This annual herb has branched, hollow stems with bright green, finely divided, fern-like leaves, and white flowers. The best flavor is grown in light shade and is used fresh as a garnish or added at the end of cooking. The leaves contain vitamin C, carotene, iron and magnesium. Leaves and blanch stems enhance green salads, vinegar, and many subtle dishes.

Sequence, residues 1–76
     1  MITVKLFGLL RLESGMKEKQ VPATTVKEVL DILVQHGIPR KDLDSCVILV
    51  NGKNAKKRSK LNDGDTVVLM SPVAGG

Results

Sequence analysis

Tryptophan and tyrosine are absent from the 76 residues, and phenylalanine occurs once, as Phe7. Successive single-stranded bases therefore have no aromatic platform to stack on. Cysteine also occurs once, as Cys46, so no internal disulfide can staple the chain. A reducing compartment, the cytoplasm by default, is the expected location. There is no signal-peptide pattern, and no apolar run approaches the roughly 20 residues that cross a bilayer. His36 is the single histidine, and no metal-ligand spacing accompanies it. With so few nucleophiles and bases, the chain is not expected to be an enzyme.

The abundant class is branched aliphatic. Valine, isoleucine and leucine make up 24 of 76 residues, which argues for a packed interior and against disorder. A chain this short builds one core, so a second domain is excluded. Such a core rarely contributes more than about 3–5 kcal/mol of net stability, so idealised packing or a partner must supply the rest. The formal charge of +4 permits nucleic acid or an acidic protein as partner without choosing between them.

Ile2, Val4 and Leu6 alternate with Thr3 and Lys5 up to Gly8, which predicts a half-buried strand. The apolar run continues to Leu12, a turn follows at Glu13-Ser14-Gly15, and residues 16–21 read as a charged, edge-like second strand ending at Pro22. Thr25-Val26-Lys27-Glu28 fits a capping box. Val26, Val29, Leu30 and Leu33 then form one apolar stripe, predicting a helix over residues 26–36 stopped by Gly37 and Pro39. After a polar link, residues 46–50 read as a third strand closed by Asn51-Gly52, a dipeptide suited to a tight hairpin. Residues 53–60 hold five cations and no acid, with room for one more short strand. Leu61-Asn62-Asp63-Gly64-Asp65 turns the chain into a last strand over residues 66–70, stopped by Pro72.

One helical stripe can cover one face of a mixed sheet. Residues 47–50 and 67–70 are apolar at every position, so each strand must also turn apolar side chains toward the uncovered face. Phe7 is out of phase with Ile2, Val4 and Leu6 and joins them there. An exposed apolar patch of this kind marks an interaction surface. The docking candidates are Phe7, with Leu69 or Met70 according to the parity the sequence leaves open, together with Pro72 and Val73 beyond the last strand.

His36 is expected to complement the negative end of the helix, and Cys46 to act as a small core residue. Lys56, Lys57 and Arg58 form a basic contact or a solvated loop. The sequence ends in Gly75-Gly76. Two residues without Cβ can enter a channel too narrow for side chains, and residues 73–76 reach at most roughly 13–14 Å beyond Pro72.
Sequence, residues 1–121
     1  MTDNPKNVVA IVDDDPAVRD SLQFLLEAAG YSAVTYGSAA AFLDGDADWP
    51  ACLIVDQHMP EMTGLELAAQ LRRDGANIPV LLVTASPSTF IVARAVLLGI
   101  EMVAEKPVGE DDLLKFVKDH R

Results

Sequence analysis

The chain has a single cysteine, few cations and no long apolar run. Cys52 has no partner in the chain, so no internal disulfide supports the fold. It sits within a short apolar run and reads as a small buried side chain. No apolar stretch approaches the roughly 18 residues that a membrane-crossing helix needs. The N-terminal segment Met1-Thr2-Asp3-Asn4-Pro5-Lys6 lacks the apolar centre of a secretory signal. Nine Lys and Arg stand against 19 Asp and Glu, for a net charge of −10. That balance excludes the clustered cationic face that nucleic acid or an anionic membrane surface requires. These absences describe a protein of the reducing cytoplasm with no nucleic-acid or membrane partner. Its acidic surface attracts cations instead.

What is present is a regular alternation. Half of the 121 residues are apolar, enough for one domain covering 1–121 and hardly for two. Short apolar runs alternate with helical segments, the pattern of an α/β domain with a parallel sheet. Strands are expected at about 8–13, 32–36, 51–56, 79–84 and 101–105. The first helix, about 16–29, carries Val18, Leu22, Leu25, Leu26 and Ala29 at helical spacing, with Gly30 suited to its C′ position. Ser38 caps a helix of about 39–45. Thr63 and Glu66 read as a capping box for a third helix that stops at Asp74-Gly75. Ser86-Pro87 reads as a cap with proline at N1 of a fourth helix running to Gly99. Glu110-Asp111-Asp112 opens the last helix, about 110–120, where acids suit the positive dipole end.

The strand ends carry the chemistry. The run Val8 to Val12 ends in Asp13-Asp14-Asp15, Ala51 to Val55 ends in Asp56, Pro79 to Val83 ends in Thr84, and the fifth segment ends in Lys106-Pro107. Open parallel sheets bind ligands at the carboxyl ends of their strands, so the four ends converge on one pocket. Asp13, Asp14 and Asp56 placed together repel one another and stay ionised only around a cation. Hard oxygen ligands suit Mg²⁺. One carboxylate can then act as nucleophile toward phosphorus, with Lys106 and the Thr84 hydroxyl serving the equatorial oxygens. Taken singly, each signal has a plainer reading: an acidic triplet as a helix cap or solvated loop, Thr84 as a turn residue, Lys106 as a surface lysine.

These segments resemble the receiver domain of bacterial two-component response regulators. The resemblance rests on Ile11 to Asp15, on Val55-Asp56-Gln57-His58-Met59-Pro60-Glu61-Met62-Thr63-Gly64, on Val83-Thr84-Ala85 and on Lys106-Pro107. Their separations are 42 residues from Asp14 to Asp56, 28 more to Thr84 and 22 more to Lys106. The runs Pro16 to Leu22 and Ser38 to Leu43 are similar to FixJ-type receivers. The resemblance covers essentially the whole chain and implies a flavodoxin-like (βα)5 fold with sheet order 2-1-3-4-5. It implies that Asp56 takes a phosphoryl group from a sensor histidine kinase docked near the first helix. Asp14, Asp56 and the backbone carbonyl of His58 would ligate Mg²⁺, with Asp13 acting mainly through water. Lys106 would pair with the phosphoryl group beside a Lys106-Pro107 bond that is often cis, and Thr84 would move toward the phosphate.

Chervil was once called myrrhis for its volatile oil, which has an aroma similar to the resinous substance of myrrh. One of the traditional fines herbes in French cuisine, chervil is valued for its light parsley-like flavor with a hint of myrrh. The benefits of chervil were described by the Roman scholar Pliny, and during the Middle Ages it was used to treat various ailments.